Site logo

Choosing an Engagement Ring

While many wedding traditions have been replaced with fresh perspectives on celebrating a new marriage, the engagement ring persists as a symbol of promise, commitment and intention. Whether its a family heirloom, a brand new purchase or a custom-designed spin on traditional jewelry, the engagement ring you choose builds anticipation for the big day. Other than the actual wedding band, it’s likely to become one of your future spouse’s most treasured valuables. With that said, you’ll likely want to put as much thought into finding the perfect engagement ring as you do into the wedding ceremony itself. The following tips are meant to help you narrow down your options, whether your significant other is a sworn minimalist or the polar opposite. 

Unless you already have an antique ring that has been passed down throughout your family, you’ll need to consider your budget. Even a ballpark estimate will help you figure out where to start, especially considering future wedding expenses like venue rental, flowers and catering. According to this 2019 NY Times study, most people dish out between $500 and $3,000 for their engagement ring (about £400-2,500). This is still quite a vast price range, but gives you an idea of how much to set aside depending on your overall wedding-related spending. 

When shopping for rings, you’ll want to consider color, cut, and fit, along with the most important factor- the stone. If you’re set on presenting your loved one with a classic diamond, there are a few tips to keep in mind to make sure you’re getting the highest quality piece that fits your budget. 

Choosing a Diamond

Every diamond sale should include an official grading report. These reports are compiled by organizations specializing in diamond analysis and contain necessary information on the diamond you have in mind. This includes carat size, clarity, cut and even a brilliance score- or how effectively the diamond reflects white light to ensure the most sparkle. These further tips from jewelers.org can help you dissect a grading report and make sure it adequately reflects the product.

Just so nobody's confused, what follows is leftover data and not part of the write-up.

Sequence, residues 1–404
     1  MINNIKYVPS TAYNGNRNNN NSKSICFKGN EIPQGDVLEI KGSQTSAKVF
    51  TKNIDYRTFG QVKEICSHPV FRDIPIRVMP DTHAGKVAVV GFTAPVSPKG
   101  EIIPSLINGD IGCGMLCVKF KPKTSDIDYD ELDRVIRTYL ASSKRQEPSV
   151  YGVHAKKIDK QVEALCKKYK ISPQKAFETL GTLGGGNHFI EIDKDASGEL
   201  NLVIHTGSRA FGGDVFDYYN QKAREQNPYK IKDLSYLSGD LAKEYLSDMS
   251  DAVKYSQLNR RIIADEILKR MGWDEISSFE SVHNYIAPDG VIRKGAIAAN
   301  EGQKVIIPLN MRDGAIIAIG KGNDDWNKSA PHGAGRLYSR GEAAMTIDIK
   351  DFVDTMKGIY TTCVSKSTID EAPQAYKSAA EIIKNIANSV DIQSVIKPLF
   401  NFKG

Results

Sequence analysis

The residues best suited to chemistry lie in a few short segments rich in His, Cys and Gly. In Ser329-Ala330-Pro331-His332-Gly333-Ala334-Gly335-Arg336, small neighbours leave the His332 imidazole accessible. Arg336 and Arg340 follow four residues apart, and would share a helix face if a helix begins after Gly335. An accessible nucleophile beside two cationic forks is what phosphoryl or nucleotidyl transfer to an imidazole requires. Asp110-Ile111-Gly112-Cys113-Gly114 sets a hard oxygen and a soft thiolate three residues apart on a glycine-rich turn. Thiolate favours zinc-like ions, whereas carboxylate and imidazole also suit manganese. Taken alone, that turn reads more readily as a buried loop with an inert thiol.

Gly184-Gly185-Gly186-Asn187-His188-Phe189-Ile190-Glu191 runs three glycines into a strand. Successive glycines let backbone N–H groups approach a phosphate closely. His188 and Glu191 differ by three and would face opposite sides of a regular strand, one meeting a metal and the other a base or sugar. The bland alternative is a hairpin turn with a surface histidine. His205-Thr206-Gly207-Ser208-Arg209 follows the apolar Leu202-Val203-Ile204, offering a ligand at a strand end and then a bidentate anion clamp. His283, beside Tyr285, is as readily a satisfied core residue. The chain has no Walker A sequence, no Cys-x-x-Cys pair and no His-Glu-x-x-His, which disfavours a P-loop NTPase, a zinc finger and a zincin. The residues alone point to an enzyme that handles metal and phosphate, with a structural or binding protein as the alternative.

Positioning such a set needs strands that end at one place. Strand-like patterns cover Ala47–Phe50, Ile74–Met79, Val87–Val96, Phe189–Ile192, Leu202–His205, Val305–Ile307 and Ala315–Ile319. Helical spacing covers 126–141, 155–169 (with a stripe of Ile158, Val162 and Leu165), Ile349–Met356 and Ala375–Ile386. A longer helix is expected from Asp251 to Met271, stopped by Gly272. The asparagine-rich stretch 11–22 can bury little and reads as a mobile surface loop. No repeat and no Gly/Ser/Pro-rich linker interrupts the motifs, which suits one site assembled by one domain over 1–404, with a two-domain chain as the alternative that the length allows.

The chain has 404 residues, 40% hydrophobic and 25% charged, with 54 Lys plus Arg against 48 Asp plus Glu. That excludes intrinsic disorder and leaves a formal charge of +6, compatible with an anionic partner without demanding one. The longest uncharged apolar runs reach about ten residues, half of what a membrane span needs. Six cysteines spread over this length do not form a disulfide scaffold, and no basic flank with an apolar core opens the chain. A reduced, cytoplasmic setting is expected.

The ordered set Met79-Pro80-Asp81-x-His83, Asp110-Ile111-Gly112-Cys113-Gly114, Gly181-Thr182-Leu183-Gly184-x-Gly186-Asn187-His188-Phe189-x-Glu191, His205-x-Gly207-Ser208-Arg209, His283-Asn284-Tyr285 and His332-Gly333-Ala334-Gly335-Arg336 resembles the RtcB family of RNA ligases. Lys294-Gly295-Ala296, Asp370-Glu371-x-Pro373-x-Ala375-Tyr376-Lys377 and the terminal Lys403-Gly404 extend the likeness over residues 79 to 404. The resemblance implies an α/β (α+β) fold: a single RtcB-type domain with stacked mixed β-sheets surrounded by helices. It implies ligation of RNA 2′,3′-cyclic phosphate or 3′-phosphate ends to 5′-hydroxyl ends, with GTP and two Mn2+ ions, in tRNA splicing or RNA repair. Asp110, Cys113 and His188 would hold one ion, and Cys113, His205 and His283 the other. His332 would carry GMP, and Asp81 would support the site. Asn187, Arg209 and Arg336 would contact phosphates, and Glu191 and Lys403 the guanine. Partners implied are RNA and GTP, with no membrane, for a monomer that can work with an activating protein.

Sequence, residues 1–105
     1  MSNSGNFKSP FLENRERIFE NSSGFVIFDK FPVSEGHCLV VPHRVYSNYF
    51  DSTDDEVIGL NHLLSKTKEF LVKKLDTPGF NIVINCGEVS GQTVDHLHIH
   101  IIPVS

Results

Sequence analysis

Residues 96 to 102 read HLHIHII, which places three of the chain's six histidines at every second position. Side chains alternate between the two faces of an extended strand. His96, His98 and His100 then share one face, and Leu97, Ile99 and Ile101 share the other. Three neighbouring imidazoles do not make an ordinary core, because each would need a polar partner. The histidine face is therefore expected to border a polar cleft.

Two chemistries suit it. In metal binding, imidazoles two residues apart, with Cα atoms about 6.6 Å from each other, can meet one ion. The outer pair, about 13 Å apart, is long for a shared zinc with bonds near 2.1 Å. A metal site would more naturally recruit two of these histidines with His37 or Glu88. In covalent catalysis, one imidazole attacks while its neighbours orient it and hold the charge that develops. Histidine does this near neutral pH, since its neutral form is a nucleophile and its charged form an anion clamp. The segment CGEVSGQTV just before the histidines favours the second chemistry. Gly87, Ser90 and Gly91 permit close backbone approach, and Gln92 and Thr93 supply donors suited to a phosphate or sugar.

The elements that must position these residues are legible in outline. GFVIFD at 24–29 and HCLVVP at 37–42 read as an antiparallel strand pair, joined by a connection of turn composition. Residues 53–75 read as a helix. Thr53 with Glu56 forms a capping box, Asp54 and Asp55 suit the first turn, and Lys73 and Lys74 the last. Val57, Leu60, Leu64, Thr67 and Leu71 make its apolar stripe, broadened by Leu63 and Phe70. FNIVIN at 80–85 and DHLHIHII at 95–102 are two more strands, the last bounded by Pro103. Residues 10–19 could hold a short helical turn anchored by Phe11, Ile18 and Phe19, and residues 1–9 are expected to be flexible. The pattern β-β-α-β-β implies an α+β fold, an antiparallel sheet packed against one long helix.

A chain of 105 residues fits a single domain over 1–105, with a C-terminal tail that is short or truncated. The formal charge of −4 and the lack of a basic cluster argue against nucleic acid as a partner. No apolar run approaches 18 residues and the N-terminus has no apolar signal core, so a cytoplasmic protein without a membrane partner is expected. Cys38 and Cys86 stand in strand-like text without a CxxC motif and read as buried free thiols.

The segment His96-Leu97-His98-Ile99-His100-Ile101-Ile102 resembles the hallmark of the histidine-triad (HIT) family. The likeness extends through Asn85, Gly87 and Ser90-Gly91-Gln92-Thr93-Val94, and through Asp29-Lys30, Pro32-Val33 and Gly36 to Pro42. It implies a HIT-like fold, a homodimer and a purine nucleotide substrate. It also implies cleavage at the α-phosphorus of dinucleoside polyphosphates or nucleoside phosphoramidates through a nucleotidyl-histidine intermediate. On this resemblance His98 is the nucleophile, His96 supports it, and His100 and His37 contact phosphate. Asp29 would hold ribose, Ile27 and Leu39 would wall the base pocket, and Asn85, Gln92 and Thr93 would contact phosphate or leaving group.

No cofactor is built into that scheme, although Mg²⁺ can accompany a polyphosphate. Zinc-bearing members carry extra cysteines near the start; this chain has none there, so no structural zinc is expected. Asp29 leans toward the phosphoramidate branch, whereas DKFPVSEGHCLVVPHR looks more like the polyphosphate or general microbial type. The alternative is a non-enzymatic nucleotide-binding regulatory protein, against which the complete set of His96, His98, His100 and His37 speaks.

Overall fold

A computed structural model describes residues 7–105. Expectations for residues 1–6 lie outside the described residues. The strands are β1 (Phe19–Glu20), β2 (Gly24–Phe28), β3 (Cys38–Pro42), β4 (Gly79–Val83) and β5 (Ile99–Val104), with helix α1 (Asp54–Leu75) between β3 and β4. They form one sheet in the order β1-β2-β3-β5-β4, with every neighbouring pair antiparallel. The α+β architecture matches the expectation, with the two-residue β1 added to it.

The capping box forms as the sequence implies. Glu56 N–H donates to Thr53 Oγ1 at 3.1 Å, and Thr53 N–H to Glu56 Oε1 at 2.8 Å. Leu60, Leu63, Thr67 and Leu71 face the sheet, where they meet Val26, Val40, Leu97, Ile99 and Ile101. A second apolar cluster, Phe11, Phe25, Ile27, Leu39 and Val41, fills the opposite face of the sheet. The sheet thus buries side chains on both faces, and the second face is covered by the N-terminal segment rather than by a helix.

You may already be aware that the diamond trade remains an extremely controversial industry marred by subpar labor conditions, corruption and even armed conflict. While these days most of the world’s diamonds are certified by a set of requirements known as the Kimberley Process, this is not a perfect system and it’s difficult to ensure that your stone’s origin is conflict- free. The Gem Society’ tips for buying conflict- free diamonds are a great place to start. As stated by the society, Canadian diamonds like these from Riddles Jewelry are an ethical alternative that may fall on the higher end of the price range but ensures your diamond’s true origins. 

Choosing an Alternate Stone

If you’re open to the wealth of other stones out there, take a look at some increasingly popular alternatives that have been taking the ring market by storm. Unless you know your spouse prefers the traditionally symbolic diamond look, consider the following stones to add a bit of color and flair to your final pick. 

When you think of colored gemstones, you might immediately imagine sapphires, rubies and emeralds, all of which have cemented their place in engagement ring design. Sapphires are similar to diamonds in their hardness and durability, but boast deep blue, pink and even minimal white shades. 

Sporting an old-fashioned, 20’s feel, emeralds are another great choice for the vintage lover in your life. Their vibrant green is hard to replicate, making them an ideal statement piece that begs for attention. They are also considered durable thanks to their hardness, meaning your ring is sure to last a lifetime. 

Complementing any gold setting, rubies tend to sit on the higher end of the price scale, putting these rich red stones right up there with fine diamonds. When choosing a ruby, it’s especially important to pay attention to where the stone is sourced from, as its country of origin can affect both the price tag and its unique shade. Sri Lankan rubies, for example, tend to be lighter and lean more towards a rosy pink than a true red, while African rubies are traditionally darker, even appearing violet. 

If you know your partner appreciates the diamond look yet wouldn’t mind sporting an alternative, consider Moissanite a rare, naturally occurring stone that can now be produced both synthetically and ethically. Crystal-clear and sparkling, moissanite stones can be breathtaking in their ability to light up a room. Rivaling diamonds in durability, aesthetic and guaranteed quality, moissanite stones are often mistaken for their traditional counterpart but can cost much less. Pairing a moissanite centerpiece with smaller diamond accents on a single band can accentuate its grandeur without forgoing the genuine diamond aspect altogether. Moissanite can also be an affordable show-stopper on its own, especially when paired with a sleek yellow-gold band.